ALLEN PARK -- The deadline for the Detroit Lions and defensive end Cliff Avril to reach a long-term deal is rapidly approaching.
The two sides have until Monday, July 16th to reach a deal or Avril will be forced to play on a one-year $10.6 million contract or sit out the season.
Avril deciding to sit out the season isn’t a realistic concern and – at most – the 26-year old will only sit out a portion of training camp.
The absence of a long-term deal should have little bearing on the current season, but could have significant impact on the team’s future.
If no deal is reached, Avril will be scheduled for unrestricted free agency again next offseason. The Lions will then be faced with an undesirable dilemma.
The foundation of this dilemma is the fact that the Lions have several key contributors scheduled to hit free agency next season. Defensive lineman Corey Williams, Sammie Hill and Lawrence Jackson along with linebackers Justin Durant and DeAndre Levy as well as defensive backs Louis Delmas, Chris Houston and Jacob Lacey all have expiring contracts at the end of the 2012 season.
Locking Avril up to a long-term deal, with a much more friendly cap number than his 2012 salary, will be paramount to keeping the majority of the group intact.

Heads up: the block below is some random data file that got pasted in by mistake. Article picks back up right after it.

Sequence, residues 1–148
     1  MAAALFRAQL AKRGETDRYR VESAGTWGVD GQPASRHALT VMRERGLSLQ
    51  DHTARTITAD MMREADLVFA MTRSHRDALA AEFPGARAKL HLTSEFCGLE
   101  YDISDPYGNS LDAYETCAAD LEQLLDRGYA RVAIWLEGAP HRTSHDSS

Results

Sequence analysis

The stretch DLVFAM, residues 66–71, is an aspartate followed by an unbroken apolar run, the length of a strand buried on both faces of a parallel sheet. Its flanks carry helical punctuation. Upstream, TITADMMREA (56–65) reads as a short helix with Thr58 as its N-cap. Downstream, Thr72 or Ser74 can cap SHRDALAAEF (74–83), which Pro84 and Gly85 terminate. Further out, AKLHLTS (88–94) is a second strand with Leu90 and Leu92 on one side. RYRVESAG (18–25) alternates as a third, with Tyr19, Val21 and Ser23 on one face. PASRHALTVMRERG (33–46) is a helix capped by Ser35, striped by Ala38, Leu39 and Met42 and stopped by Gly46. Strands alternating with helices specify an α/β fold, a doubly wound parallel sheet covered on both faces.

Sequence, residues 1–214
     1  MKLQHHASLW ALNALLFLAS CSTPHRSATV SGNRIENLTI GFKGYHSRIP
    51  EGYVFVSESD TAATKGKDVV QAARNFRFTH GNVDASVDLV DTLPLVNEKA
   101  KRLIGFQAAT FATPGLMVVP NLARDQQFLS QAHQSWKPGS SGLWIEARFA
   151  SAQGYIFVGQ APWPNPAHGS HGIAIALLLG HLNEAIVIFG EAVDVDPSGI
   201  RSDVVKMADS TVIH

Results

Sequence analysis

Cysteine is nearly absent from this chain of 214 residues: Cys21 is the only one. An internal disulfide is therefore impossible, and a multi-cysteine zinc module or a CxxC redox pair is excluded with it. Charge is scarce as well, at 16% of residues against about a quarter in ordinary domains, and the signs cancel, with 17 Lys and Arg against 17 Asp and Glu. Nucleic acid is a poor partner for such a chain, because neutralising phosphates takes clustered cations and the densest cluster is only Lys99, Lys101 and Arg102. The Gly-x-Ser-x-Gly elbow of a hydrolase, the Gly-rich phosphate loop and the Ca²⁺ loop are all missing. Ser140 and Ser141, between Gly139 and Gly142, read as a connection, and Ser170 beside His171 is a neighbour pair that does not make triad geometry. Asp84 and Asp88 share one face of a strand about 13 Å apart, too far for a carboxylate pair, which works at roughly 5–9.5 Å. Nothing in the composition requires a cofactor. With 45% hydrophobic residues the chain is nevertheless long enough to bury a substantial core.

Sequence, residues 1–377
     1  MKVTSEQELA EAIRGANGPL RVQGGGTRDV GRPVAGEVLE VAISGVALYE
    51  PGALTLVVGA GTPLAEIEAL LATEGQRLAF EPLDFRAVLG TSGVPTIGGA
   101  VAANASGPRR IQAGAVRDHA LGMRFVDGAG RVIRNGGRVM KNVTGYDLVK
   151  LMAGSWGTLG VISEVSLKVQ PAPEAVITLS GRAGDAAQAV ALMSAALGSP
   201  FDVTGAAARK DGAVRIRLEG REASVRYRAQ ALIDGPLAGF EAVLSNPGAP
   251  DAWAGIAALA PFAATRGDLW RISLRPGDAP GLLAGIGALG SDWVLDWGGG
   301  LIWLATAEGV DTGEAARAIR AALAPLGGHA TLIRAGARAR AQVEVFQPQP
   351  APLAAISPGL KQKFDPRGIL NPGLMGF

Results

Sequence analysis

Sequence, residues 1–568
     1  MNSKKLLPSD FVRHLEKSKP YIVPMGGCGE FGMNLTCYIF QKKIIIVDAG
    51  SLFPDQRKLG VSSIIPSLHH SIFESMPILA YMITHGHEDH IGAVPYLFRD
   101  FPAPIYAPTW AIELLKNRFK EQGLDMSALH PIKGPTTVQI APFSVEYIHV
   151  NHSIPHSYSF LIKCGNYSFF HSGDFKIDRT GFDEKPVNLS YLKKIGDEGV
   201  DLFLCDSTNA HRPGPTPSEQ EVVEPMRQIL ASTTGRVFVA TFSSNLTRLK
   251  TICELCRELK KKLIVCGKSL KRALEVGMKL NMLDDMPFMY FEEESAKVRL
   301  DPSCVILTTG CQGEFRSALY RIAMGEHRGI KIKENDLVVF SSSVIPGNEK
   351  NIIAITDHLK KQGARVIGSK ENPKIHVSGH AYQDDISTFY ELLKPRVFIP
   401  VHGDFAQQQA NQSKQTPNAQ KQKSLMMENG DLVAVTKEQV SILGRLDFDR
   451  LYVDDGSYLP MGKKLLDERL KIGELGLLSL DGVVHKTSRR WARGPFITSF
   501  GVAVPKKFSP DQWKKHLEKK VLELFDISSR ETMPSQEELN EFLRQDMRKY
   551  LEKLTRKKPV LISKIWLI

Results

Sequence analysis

So, the Lions could be faced with a decision to re-franchise Avril, which would require a 20 percent raise from his 2012 salary ($12.72 million) or let him hit the open market where he is sure to receive lucrative offers from other clubs in need of a pass rusher. Avril tallied a career-high and team best 11 sacks in 2011, and his numbers have only improved since joining the team as a third-round pick in 2008.
Of course, there is the possibility that Avril would sign a long-term deal before hitting free agency, but knowing the potential offers he may receive as well as understanding the amount of money that would accompany a second franchise tag does not make that likely.
Avril and the Lions continue to work to the resolution they both desire – a long term deal – but one isn’t necessarily immanent.
The franchise tag represents a gamble for both the player and organization in this situation. However, barring a serious injury, Avril figures to walk away with a significant pay day next season if a long-term deal is not reached.
The Lions have no qualms with Avril receiving a significant pay day but they do not want him to walk away.
As Monday's deadline approaches, both sides will scramble to reach a deal. If one is not reached, the Lions defense in 2013 might be missing a familiar face.